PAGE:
Over the last two decades, enterprises have learned to deal with ever-increasing amounts of data. Using “big data” involves building or acquiring the tools, technologies, processes, and skills required for large-scale historical or retroactive enterprise reporting on large datasets.
Thanks to advances in AI, it is now easier than ever for many enterprises to gain predictive insights through models trained on their own data, said ”Chu-Cheng Hsieh, chief data officer at Etsy. However, the volume, velocity, and variety of many enterprise data systems makes them increasingly complex to manage.
Hsieh spoke on the topic recently at the ”TransformX 2021 conference”.
AI models can be highly susceptible to changes in the data used to train them, he said, so a multitude of controls and automation are often needed to ensure that AI models are trained with correct and relevant data. A clear and prescriptive framework is often required to implement those controls and ensure that any insights derived through AI are timely, auditable, and high quality.
Etsy uses data to create a more personalized experience for shoppers. Real-time data collection about each customer interaction allows for personalized product recommendations. It also provides insights about how the Etsy website can be optimized to increase customer engagement.
High-quality ML predictions require high-quality data, so enterprises must prepare processes and mechanisms to measure and manage data quality. According to the ”Harvard Business Review” poor-quality data cost enterprises $3.1 trillion in 2016. Quality checks are of the utmost importance when collecting raw data and should be a key part of any data framework.
ML can also enhance the reusability of data, said Hsieh. Neural networks can be used to create embeddings, which are low-dimensional representations of input data.
Embeddings are useful representations of enterprise data that can be reused and are often stored in feature stores, but creating embeddings at scale is often computationally intensive. Feature stores serve as a central enterprise repository, so embeddings are readily available for reuse in new model development.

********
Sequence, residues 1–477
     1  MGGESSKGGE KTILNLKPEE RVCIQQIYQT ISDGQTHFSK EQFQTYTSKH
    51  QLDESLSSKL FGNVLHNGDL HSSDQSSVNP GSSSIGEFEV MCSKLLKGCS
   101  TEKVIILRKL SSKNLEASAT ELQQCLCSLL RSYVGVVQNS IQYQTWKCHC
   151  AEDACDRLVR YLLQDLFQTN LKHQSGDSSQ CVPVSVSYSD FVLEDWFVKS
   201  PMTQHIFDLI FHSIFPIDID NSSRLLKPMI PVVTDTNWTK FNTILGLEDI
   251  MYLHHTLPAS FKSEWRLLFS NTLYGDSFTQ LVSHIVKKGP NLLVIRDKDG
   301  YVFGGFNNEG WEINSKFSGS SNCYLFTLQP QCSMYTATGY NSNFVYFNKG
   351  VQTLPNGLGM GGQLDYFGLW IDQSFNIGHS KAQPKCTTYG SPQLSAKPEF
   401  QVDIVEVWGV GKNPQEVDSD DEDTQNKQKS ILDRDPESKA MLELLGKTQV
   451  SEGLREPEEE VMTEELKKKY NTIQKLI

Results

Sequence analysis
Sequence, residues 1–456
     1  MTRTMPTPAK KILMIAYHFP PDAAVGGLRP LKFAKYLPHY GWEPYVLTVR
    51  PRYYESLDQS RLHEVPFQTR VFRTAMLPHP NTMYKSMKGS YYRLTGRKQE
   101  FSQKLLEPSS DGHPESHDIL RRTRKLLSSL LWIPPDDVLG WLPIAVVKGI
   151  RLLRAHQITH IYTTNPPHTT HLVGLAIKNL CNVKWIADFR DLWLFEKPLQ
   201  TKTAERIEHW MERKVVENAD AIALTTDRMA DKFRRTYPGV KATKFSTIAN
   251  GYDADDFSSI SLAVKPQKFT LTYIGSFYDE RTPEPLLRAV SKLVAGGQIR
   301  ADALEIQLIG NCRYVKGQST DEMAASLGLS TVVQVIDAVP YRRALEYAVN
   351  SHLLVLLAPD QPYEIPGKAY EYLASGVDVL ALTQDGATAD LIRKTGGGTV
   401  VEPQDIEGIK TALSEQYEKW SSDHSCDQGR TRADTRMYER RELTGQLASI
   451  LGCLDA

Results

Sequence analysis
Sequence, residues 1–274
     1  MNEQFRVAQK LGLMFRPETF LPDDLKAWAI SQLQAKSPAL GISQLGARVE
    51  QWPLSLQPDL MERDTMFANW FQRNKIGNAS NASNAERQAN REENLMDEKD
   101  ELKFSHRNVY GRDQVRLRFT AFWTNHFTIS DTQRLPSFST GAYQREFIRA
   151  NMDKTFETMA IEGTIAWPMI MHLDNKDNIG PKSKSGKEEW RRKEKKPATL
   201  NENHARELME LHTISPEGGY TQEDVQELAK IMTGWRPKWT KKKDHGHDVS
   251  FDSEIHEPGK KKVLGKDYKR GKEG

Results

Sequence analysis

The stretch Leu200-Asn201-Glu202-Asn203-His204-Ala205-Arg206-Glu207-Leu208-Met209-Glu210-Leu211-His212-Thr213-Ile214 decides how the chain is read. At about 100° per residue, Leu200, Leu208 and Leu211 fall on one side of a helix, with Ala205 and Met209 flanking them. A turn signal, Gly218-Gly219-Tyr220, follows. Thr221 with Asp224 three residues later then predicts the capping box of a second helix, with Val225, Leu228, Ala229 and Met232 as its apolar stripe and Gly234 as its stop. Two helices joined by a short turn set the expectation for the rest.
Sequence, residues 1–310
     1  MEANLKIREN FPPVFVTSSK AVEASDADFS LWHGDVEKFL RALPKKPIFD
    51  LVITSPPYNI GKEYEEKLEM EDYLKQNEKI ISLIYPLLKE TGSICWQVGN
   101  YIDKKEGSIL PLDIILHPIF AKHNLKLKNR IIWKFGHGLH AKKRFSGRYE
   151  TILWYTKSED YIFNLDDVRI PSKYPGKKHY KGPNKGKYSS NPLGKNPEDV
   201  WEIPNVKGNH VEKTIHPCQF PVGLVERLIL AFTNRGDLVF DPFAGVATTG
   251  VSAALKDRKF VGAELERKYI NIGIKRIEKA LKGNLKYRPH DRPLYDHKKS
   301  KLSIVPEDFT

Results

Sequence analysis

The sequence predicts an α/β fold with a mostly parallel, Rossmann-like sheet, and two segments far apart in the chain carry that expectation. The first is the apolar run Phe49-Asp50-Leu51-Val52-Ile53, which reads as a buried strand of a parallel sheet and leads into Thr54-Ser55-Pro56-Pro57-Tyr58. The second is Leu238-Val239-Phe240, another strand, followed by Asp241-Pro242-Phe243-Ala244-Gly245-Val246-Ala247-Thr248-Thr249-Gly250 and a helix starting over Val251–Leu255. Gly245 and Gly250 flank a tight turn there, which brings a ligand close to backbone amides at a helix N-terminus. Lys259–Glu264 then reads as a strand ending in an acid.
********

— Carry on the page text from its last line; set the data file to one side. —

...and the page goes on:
Before establishing a data framework, an enterprise should understand what kind of insights it expects from its data, and those should be closely related to broader business objectives. One of Etsy’s business objectives, said Hsieh, was to boost customer engagement and sales through a recommendation system.
An insight to support this objective could provide an understanding of customers’ individual preferences. What item is a customer most likely to engage with or purchase? What data does Etsy have that could help predict a future customer choice?
If your enterprise is collecting data, you probably already have a framework of some sort in place. Optimizing this framework is key to maximizing the value an enterprise can get from its data.
However, the ecosystem of tools, processes, and integrated partners may frequently change. As a best practice, enterprises should revisit each layer of their framework to find opportunities to optimize it further.
Another business objective at Etsy is to continuously improve the way it processes data. ”A/B testing” can help analyze whether a new feature has any predictive qualities. For example, you might want an answer to the question, “Does this feature increase the number of people who sign up?”
You can use ML to recognize and respond to important patterns such as back-office operations or customer behavior, said Hsieh.
In his presentation, Hsieh described how the foundational layers of the data framework contribute to data preparation. The practice of data preparation is not about just collecting data—not all data is immediately useful. Raw data often has limited value. It requires manipulation, filtering, and often enrichment to be useful.
Extracting value and insights from data often hinges on thorough, automated, and clearly defined data preparation, which itself requires a rigorous framework.
Furthermore, in a data framework, all data should be considered in the context of its useful life. A dataset may be retired if it becomes outdated or is no longer needed; you can archive or even delete it.
You need an understanding of the data framework across all levels of your organization, including by business executives and other stakeholders. Having business executives understand this framework creates trust in the process. This fosters an understanding of how patterns are recognized and insights are formed through data and ML.
Data frameworks also need to be flexible by design, to maintain compliance with ever-changing regulatory and compliance requirements.
For more details how to build a useful data framework, watch Hsieh’s talk, “Rethinking The Framework for Data,” and read the full transcript here.